The start is again the hardest here, it’s a solid 20-30 minutes up steep steps and let me tell you how glad I was to reach the top of them!! After this, however, the rest of the trail is pretty even. As you get closer to Manarola it also cuts through pristine vineyards that locals have worked on for centuries.

Then when you reach the town you get a brilliant perspective over it. Different from Manarola’s classic image of its stacked buildings on the seafront but equally as beautiful. I must warn you though that the climb back down into the village is pretty intense so watch your footing!

Cinque Terre Coast, view of Manarola

Manarola to Riomaggiore – 

‘Lovers Lane’ (a wide and flat concrete path) used to link the last two Cinque Terre villages together. However, this is also currently closed. The alternative route here is steep and difficult and I’d, therefore, recommend skipping it unless you’re a confident walker.

SIDE NOTE: although there’s rumours that the closed trails will reopen in 2019, locals I spoke to weren’t convinced…

Only Want to walk one Cinque Terre Trail? – 

If you only want to do one shorter hike than I’d suggest going from Monterosso to Vernazza. As I said above this section has the best coastal views, and the outlook over Vernazza is stunning!

Cinque Terre Hiking Trails


I hope this post answers any question you may have about hiking in Cinque Terre! Even if you’re just visiting for a day, I’d highly suggest getting up into the hills as the views are stunning and the extra effort makes a cone of gelato all the more enjoyable… 😉


All you need to know about the Cinque Terre Villages

Without a doubt, the most beautiful destination on my recent trip to Italy was Cinque Terre. The first time I saw a photo of this wonderfully scenic region I just knew I had to visit! In this way, I spent five delightful days in Cinque Terre, soaking up the sun, gazing at its colourful houses and exploring its villages…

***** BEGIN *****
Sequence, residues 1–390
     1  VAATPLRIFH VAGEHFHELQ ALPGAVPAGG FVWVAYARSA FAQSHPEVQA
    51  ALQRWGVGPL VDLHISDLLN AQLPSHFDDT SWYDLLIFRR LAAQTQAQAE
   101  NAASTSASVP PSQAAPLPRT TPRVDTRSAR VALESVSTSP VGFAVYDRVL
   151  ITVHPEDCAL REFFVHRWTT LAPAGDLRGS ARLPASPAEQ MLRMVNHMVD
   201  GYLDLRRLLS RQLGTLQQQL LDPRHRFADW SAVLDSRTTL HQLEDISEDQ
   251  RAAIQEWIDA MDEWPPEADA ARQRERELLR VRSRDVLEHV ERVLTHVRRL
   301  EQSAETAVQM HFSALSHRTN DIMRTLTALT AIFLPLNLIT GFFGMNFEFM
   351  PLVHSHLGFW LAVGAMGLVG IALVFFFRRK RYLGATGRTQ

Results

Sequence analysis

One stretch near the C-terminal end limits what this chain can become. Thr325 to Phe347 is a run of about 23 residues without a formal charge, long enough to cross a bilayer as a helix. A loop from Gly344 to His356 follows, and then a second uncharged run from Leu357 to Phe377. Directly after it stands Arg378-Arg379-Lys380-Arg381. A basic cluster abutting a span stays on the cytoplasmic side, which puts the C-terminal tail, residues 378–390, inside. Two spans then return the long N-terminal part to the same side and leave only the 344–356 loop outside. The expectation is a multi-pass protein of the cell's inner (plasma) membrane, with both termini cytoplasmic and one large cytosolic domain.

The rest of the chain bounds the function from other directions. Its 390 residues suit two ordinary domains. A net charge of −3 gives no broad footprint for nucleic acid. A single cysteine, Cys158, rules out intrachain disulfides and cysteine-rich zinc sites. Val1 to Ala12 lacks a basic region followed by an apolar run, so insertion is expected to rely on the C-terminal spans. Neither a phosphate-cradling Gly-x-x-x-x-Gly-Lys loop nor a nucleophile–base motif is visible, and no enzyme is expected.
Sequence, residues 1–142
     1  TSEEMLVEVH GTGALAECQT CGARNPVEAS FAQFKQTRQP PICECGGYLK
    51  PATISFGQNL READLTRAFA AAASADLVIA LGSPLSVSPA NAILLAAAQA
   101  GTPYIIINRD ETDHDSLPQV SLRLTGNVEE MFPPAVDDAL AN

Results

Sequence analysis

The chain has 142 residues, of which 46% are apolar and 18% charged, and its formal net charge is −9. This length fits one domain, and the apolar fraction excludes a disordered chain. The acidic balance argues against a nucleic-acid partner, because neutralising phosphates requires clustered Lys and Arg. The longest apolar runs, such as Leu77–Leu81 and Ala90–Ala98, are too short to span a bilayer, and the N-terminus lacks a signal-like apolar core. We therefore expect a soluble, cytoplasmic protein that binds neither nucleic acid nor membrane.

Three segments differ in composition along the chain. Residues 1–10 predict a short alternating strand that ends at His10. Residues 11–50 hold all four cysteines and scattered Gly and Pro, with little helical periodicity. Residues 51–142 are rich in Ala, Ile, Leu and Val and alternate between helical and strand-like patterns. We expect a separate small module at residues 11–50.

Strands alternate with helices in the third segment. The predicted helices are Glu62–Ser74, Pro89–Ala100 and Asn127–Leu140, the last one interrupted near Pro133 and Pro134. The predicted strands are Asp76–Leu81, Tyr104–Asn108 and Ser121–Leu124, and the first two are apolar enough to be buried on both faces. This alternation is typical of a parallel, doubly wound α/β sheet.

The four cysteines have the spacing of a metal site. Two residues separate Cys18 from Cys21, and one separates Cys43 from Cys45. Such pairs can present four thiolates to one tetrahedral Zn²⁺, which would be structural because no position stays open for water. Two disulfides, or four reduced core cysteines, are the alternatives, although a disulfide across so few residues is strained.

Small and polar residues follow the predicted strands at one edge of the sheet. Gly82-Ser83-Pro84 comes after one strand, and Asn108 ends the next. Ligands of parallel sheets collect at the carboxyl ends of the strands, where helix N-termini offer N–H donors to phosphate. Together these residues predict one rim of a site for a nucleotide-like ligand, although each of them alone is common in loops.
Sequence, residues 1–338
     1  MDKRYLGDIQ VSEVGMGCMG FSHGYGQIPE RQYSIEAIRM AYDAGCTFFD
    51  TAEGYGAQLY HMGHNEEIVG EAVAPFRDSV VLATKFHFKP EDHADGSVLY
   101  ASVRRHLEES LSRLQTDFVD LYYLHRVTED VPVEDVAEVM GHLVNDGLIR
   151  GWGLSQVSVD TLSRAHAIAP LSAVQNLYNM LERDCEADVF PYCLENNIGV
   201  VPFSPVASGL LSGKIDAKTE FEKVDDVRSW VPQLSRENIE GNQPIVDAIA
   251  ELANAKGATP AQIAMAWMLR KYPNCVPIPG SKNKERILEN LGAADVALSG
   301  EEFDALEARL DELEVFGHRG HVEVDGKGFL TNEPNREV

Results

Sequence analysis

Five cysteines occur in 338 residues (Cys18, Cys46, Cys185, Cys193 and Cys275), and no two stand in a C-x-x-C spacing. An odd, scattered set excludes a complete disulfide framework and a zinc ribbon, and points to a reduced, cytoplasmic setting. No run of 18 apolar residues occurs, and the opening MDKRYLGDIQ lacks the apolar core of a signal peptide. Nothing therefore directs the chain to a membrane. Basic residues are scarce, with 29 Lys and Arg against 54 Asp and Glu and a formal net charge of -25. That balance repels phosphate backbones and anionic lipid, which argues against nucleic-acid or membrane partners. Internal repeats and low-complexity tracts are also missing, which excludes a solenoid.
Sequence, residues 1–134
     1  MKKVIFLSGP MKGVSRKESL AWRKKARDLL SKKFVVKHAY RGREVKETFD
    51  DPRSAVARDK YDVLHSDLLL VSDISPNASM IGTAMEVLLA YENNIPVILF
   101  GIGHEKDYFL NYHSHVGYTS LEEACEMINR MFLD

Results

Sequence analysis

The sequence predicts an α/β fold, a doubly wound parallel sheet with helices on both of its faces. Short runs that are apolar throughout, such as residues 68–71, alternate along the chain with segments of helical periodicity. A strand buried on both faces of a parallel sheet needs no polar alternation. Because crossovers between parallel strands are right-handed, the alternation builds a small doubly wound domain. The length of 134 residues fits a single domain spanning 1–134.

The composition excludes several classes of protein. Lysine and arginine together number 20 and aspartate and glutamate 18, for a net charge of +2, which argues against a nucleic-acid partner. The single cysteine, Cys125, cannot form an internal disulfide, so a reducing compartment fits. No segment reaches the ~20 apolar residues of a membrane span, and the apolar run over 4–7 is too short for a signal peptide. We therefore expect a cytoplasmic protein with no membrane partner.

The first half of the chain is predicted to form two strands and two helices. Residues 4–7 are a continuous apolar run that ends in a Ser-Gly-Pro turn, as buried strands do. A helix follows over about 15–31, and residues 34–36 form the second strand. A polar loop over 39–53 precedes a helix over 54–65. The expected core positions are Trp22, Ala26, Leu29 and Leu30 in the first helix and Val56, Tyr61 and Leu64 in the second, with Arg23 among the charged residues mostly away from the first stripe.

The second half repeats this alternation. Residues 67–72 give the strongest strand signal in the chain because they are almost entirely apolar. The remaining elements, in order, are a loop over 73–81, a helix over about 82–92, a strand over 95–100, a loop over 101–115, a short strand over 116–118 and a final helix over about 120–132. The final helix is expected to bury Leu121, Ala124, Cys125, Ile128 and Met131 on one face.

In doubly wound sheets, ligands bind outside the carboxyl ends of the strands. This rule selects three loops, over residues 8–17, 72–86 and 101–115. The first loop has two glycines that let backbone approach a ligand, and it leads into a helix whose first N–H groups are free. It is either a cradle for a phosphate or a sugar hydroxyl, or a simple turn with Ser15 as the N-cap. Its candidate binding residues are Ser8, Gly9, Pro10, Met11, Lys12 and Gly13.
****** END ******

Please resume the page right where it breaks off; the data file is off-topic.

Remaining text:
Cinque Terre Holidays


Getting to Cinque Terre – 

Since Cinque Terre is a national park, the best way to reach it is by train. A train line connects all the Cinque Terre villages with La Spezia on one end and Levanto on the other. You’ll probably find that the best way to reach Cinque Terre is from La Spezia station, as it has direct trains arriving from major cities such as Florence and Rome.

The Cinque Terre Villages –

Cinque Terre literally translates into English as ‘Five Lands’. The name, therefore, refers to the five ancient fishing villages that perch on the rugged coastline of the Italian Riviera. Each village has its own charm and character meaning you’d be a fool not to visit them all.

From South to North the Cinque Terre villages are as followed:

Riomaggiore –

cinque terre villages riomaggiore

Taking the train from La Spezia, the first village you’ll reach is Riomaggiore. It has one main street, either side of which narrow passageways lead up to the villages stacked buildings.

However, Riomaggiore’s crowning jewel is no doubt its tiny harbour. From here you’ll get a picture-perfect view of the village, which is best enjoyed at sunset as the fading lights casts a beautiful orange glow over the buildings.

Manarola – 

My favourite of the Cinque Terre Towns, Manarola offers the most stunning postcard views. You can get the ‘money shot’ of this gorgeous village by simply walking down past the harbour and along the rocky coastal path. Here seats carved out into the stone allow you the opportunity to sit back and take in the breath-taking view.

5 towns of cinque terre, manarola

Corniglia  –

Corniglia is the rebel of the Cinque Terre villages not only is it the smallest but its the only one that sits far above the water on top of the cliffs.  To reach the village you have to climb 365 stairs… Thankfully you can also take a shuttle bus up to the town centre for €2.50.

Vernazza – 

Perhaps the busiest village, Vernazza is characterised by its amphitheatre shape. Pastel houses curve around a relatively large harbour, meaning that every building seems to have a wonderful view of the sea.

Cinque Terre Towns Vernazza

There are several different spots around the village that provide great views. My personal favourite requires a slight climb towards Monterosso al Mare. Once in the hills, you’ll spot a clear viewpoint that provides an amazing birds-eye view over the village.

cinque terre villages Vernazza

Monterosso al Mare –